Friday, 6 March 2015

African Heartbeat

Richard Bewes writes…

If you’ve been brought up in a missionary family on the lower slopes of Mount Kenya – and in an era where the fires of Christian Revival are sweeping through East Africa - you are attached to names and to scenes and events that build a world outlook of incalculable wonder. Earliest memories were of Weithaga, a CMS mission station - and of Kenya’s oldest church building – popularly named ‘The Ba-Be-Bo.’

It was so named because the local Kikuyu children had received their first alphabetical and grammar lessons there. Together they would chant “Ah Eh Oh… Ba Be Bo.” The baptism of my younger brother Michael took place there. As for our home, it was - like the Ba Be Bo - built of soft yellow soapstone. The water tanks at each corner stored the rainwater that came off the corrugated iron roof... for the nearest  water was a full twenty miles away, flowing off the mountain glaciars into the Maragua River. Water! With the tank water being carried into the house with Kerosene cans, inevitably there were no pipes and therefore no taps in the house… neither electricity, gas, sanitation, or western-style shops. Thus the clothes for us four children were made by our mama. Our education began through her on the side veranda.

The fast-growing church membership had required the building of a larger church. But even this was not always big enough to contain the swelling congregations that were resulting from the Revival. At times services would be held under the trees…. after a thorough beating of the grass to deal with lurking snakes.

It was the calmest upbringing any child could ever have had. Hazards were commonplace - but they took the forms of adventures that must be faced courageously; droughts, locust swarms fifty miles long - and endless adventures with the missionary car. Once a little Kikuyu boy was prematurely born inside it. In true African style his mother gave him a name to suit the occasion – MOTOKA !

These were the days when Kenya was still a British colony….. but the writing was on the wall - of coming independence. The Kikuyu Mau Mau movement was understandable - but the violent form it adopted was resisted by many Africans, notably those touched by the Revival.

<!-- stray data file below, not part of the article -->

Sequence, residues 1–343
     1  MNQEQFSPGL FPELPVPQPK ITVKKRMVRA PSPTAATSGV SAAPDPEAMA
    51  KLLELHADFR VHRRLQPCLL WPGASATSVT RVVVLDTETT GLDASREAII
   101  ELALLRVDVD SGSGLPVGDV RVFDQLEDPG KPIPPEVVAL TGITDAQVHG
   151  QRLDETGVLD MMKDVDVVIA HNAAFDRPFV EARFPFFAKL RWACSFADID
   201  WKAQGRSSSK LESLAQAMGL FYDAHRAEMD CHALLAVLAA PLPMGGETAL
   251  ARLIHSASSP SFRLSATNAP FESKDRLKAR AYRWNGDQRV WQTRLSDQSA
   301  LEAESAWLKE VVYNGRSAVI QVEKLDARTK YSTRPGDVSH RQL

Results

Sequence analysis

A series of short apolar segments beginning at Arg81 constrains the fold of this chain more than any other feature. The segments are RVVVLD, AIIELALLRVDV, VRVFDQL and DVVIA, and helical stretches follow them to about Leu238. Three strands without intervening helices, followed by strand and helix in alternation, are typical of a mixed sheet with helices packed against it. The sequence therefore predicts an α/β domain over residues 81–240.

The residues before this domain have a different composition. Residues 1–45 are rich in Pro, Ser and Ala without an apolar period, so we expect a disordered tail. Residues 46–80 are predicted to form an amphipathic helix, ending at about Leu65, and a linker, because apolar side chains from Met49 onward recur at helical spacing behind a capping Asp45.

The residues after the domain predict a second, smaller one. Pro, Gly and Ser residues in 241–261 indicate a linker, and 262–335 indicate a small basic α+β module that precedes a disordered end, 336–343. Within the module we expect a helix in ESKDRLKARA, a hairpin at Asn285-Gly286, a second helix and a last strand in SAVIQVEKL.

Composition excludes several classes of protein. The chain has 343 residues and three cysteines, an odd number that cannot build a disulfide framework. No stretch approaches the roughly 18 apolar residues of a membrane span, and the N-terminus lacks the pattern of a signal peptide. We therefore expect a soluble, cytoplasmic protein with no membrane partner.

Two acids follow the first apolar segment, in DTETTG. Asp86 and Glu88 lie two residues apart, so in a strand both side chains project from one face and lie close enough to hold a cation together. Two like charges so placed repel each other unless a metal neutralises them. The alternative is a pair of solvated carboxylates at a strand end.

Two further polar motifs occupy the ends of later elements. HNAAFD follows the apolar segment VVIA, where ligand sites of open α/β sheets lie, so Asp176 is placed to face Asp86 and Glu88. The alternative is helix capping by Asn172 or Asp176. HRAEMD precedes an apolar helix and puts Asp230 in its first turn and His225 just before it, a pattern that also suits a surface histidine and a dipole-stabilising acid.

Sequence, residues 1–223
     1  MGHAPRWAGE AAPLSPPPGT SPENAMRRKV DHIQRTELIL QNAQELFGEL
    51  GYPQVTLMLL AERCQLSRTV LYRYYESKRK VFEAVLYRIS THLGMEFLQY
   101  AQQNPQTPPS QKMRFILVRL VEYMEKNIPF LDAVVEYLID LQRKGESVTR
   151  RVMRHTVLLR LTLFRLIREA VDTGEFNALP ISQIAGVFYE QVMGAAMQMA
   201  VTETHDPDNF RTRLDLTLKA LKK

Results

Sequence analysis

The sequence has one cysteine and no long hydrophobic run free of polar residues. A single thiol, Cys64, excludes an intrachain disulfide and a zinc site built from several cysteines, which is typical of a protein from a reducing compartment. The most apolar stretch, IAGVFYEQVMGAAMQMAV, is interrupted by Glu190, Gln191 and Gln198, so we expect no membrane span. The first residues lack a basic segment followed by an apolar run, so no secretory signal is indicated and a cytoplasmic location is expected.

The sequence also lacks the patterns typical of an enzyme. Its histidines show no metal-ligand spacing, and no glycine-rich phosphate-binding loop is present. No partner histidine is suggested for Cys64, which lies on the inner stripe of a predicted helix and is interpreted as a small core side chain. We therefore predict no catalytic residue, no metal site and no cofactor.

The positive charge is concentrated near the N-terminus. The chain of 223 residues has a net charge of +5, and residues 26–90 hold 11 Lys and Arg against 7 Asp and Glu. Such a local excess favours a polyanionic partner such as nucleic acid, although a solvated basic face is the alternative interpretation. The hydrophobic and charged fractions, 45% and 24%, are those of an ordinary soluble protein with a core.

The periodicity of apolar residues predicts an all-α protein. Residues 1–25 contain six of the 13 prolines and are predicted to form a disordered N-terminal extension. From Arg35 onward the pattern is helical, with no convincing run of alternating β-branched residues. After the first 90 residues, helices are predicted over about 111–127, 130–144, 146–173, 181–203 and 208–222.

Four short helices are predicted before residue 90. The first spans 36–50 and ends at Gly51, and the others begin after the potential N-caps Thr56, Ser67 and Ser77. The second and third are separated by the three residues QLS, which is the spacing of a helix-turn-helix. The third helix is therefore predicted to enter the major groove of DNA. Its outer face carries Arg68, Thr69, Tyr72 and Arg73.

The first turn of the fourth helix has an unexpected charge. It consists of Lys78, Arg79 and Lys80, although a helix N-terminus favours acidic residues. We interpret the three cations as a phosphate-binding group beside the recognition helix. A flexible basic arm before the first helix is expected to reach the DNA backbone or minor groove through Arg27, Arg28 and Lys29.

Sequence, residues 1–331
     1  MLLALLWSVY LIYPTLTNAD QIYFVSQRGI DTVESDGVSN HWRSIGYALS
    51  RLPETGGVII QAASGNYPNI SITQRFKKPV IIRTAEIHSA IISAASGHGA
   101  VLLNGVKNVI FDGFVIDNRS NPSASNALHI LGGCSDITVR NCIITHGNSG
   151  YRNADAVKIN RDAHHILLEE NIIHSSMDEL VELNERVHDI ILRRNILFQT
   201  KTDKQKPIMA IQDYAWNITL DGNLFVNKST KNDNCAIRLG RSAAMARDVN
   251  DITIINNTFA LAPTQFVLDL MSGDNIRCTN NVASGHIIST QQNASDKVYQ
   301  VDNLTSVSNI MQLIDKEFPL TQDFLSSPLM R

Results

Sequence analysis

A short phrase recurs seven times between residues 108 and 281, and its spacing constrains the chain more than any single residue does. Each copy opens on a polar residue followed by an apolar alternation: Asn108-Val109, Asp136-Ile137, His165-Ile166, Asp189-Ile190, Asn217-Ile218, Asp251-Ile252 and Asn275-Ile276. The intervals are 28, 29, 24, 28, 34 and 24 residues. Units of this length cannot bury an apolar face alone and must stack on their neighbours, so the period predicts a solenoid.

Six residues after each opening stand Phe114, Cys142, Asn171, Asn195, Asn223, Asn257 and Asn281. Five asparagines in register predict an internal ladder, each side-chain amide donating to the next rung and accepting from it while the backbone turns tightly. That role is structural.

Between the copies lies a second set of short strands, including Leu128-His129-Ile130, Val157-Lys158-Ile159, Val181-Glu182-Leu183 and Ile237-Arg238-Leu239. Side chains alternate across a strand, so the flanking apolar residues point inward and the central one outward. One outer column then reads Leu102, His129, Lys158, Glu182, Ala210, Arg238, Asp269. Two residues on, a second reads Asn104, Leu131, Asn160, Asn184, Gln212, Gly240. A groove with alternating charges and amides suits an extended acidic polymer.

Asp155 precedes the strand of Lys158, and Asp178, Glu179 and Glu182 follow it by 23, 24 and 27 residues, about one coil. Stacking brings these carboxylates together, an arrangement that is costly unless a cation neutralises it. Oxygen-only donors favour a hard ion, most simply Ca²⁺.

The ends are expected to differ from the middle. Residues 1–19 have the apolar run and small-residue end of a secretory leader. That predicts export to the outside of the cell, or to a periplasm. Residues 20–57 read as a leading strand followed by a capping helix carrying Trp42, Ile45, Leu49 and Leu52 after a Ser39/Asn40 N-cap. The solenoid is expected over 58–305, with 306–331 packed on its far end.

My dad, Cecil Bewes was recruited by Britain to be a part of a three- man team, The Fairn Commission - that investigated the treatment of Mau Mau detainees in the controversial camps, set up by the colonial authorities. Of their 53 recommendations, 52 were accepted – and the way was paved for Kenya’s independence under Jomo Kenyatta.

Published 2014: Cecil Bewes, pictured among Mau Mau detainees

Cecil and Sylvia Bewes were eventually to return to the UK with their family - but connections were inevitably retained with East Africa. As for the East African Revival, see my article on this website Will Revival Come?

One notable return trip I was to make was with the evangelist and singer Garth Hewitt at a time when I was a London church minister. He did the music, I did the speaking – in a mission we had been invited by the Ugandan church leadership to lead, from Jinja at the mouth of the Nile across to Kampala and all of the south, as far as Kabale at the extreme south –west.

     Coffee time – with our sound engineers…. thirty concerts in ten days!

In the altogether longer term, I was invited by Ugandan leader Festo Kivengere to join in the newly-formed UK support board of African Enterprise, an African-inspired, African-led mission outreach to the cities of Africa - begun through the vision born of the preaching of Billy Graham. A white South African who was listening was Michael Cassidy. Under his leadership teams were set up in ten African countries, and support boards would be organized initially in Germany, Norway, Britain, Australia, New Zealand, the USA and Canada. Other boards would come into being from such regions as Belgium and Ireland. For some 20 years I chaired the British Board - and indeed remain involved.

Our brilliant present-day directors in the UK are Harvey and Marlies Thomas. Earlier, Harvey had worked as a Director of Billy Graham missions, before serving and travelling with the British Prime Minister Margaret Thatcher, as media advisor.

Earlier still, the redoubtable Billy Graham team member who looked after the AE finances was Blackpool-born Jean Wilson – known across the world as Queen Jean. For any of us who travelled and worked with her in Africa was a true adventure.

Queen Jean with Harry M’Kombe of African Enterprise, Zimbabwe

The Mission Statement of African Enterprise reads: To evangelise the cities of Africa, through Word and Deed, in Partnership with the Church.

Would you be involved, and come on our mailing list? Every pound we receive goes directly to the immediate work of the ten teams in Africa - led by some of the bravest evangelists in the world. You can phone 07545 384972. Our UK website is at:


My most stupendous sight: The Victoria Falls - a mile across
Kenya’s Vice President flew by helicopter to Butere to open a new study Library for the African Institute for Contemporary Mission and Research. Thousands came to the vivid ceremony

RTB speaking to the crowd at the televised event

During our Uganda Mission: Garth & I lead soldier enquirers to faith at the end of a concert. With us is our guide and Lugandan-speaking travelling companion, Lilian Clark, known everywhere.

RTB at Karen: the famous house. Ngong Hills in the distance…